In the Hour of Victory: The Royal Navy at War in the Age of Nelson

  • By Sam Willis
  • W.W. Norton & Company
  • 416 pp.

Dispatches from seven naval battles of the Napoleonic Era illuminate the years when Britannia ruled the seas.

In the Hour of Victory: The Royal Navy at War in the Age of Nelson

Many readers are familiar with the “golden age” of British naval power through the fictional exploits described in Patrick O’Brian’s Jack Aubrey series and C.S. Forester’s Horatio Hornblower exploits. A reader who wants to look beyond fiction will find in Sam Willis’ In the Hour of Victory: The Royal Navy at War in the Age of Nelson an account of England’s hegemony of the seas during the Napoleonic Era, told in the context of seven naval victories.

Just as England in World War II owed her survival to the RAF, she owed her survival during the Napoleonic Wars to the wooden walls of the British Navy. In that earlier era, the most complicated machines in the world were sailing warships that provided the swiftest mode of transportation available. The efficiently run British Navy required a tremendous number of men — more than 100,000 — to man its ships. Those vessels often stayed at sea for as long as a year at a time, and the large manpower requirements contributed to war with the United States in 1812 because Britain impressed American seamen to keep its fleet fully staffed.

The author has drawn on original after-action dispatches that had remained unread for over a century until Willis delved into them. These were usually in the form of letters to the Admiralty secretary from the fleet admirals reporting after seven noteworthy British naval victories of the Napoleonic Era (1794-1806). The author cites first-hand accounts of these battles to describe the personalities and tactics that allowed the world’s most powerful navy to achieve victory in clashes with the Dutch, French, Danish, and Spanish navies, sometimes in conflict with more than one country’s fleet at a time. Willis says, “It is the aim of this book both to place these letters in the context of their battles and to examine their significance. As fascinating for what their authors leave out as for what they put in, they remain urgent and riveting more than 200 years after they were written.”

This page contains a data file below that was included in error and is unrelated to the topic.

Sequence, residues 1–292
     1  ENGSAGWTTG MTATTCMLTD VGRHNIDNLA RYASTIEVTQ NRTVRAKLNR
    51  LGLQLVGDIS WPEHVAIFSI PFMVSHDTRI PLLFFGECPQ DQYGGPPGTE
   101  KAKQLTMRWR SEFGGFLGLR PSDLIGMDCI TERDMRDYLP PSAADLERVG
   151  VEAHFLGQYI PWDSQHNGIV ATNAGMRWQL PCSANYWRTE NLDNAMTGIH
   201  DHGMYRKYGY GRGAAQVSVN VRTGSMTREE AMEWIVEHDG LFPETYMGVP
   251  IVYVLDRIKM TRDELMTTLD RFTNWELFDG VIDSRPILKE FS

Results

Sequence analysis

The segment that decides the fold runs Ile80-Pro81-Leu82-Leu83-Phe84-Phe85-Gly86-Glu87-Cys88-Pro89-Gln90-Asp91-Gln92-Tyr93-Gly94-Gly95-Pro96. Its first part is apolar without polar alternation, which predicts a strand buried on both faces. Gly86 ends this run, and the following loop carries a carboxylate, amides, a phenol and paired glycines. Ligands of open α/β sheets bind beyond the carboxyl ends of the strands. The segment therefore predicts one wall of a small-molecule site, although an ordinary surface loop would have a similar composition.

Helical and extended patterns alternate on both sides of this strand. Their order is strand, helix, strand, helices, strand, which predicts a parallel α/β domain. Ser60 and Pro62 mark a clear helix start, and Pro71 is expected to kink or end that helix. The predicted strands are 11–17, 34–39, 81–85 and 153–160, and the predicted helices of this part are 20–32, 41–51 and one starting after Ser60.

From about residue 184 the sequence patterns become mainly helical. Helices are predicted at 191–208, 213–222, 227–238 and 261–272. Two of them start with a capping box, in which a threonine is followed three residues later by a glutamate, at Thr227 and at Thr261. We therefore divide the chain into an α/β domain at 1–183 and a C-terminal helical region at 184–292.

The book’s chapters follow the chronological order of the seven major battles Willis focuses on. His narrative provides the context of each battle, giving its historical and political background and explaining its impact upon English domestic morale and politics as well as its international ramifications.

Because the full-length dispatches, which are provided in their entirety, are in the original, stilted language of the late-18th/early-19th century, often containing the spotty grammar and spelling of the sailors, Willis explains the context of each entry and provides additional clarification. The dispatches were written by a variety of people during the wars: lesser admirals and ship captains involved in the fray who list the ships on both sides, diplomats who witnessed the battles, fleet surgeons listing the battles’ “butcher’s bill,” and boatswains detailing damage to the ships. The author points out that casualty figures were usually inaccurate.  An admiral’s view of a particular battle was often incomplete, based only on his personal observations. An experienced naval historian, Willis does a good job of using many other sources to give readers a more complete picture of the various battles.